Part 1 in the After the Influence Series*.
“Snap!,” cried Patrick, as his castle of blocks collapsed.
“Did he just say ‘snap,’?” asked I.
“Yeaaah….why?” replied his older sister. She was seven and Patrick was just about to turn five. And I was babysitting.
I laughed to myself since I had heard a few years earlier that one way to break a swearing habit, is to simply find nicer words to replace them. So the D-word becomes Darn. And the S-word becomes…well, Snap. In fact, I had known an acquaintance who seemed to be constantly (and annoyingly) saying Snap! for this very reason.
As a babysitter, it sounded funny to me since I could not imagine Patrick being alive long enough to develop a problem with swearing, much less needing a fix. I guessed his folks had taught him “Snap!” to start with, in hopes that he’d not have to learn it later as a replacement.
But it got me thinking about words. (I love words, by the way.) And I reflected how in seasons of personal growth, it is often common to remove impolite words from one’s vocabulary, and substitute for better choices. We do it ourselves; and we also counsel our spouses and children likewise. It is probably that way in every culture, among every language. Normal.
Anyway, I was at work about five years later and heard a co-worker in a moment of disappointment, say, “Cheese and Rice.” The guy sitting next to her glanced over and snickered. He had a moment to process her comment and realized what she had done. She too had used a replacement phrase—“Cheese and Rice”—instead of saying “Jesus Christ.” (See how they kind of rhyme?) Her choice of words was innocuous on the surface, being used instead of the similarly sounding alternative which could be perceived as impolite or unprofessional. Maybe she was also trying to break a habit.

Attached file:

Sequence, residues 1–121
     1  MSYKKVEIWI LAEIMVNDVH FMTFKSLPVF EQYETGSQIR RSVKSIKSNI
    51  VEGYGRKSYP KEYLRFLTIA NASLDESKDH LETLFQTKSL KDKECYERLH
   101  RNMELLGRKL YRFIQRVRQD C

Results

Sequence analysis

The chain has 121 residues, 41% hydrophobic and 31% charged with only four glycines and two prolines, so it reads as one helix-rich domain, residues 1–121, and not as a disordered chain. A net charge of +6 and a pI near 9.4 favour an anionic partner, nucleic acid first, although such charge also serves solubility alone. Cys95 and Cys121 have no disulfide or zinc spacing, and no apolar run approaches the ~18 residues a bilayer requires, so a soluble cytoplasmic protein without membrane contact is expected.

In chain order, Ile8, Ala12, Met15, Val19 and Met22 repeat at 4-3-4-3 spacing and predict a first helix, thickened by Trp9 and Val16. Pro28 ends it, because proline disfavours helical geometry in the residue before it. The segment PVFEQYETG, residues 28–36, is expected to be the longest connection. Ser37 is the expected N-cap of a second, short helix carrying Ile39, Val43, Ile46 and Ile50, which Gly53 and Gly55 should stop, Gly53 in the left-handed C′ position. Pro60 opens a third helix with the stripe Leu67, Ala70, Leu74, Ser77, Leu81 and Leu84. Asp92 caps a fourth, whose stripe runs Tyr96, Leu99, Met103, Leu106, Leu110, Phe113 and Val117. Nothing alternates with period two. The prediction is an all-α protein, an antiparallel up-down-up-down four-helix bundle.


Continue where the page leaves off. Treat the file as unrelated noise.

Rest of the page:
When I was growing up, I didn’t think much of the religious references that some people use as exclamations:
My God – Oh My God – Jesus Christ – Jesus Holy Christ – Mary Mother of God, etc.
However, when I become a Christian believer, I started using certain terms—“God” and “Jesus” particularly—only in reference to prayer. This holy exercise seemed a far cry from some dumb jerk actor making a crass, derogatory reference to the God I now love, serve and worship. So, it ticked me off at first, and I found myself sensitive to it. Soon after my conversion, I recall turning off a video and saying out loud: “Why the heck do you have to blaspheme the Lord?” It called to mind the commandment not to take the Lord’s name in vain.
Then a few years later, I saw a cartoon that was apparently supposed to take place in the Middle East. One character, instead of saying, “By God,” as an exclamation, said, “By Allah.” And that got me thinking. I wondered, Why don’t the stupid movie writers have their characters defile and defame Allah? It’s like they have a thing against the God of the Bible. And yet, if secular society were to altogether stop using the Lord’s name in vain, and instead make reference other deities, what might that imply? Would I really prefer that? That notion really got me pondering.
Now getting back to that day at work, when I heard “Cheese and Rice,” I wasn’t initially sure what to think. Should I be offended? But then, how could I be? I just ignored it, despite knowing it was kind of sort of a reference to Jesus Christ. It confused me for a moment; but on the inside, it elicited no particular response. Therefore, I assumed that it neither caused any specific offense to the Holy Spirit.
But then one day in the weeks following, after my philosophical gears had time to process, I had a halting thought: If I were going to try to help someone to stop using profanity, I would encourage them to swap the bad word, with a good word. Just like my friend used “Snap.” We all know the bad words, but what are some good words, I wondered? Well, think about it…the best words we have are religious words. “God” and “Jesus,” for example, being penultimate.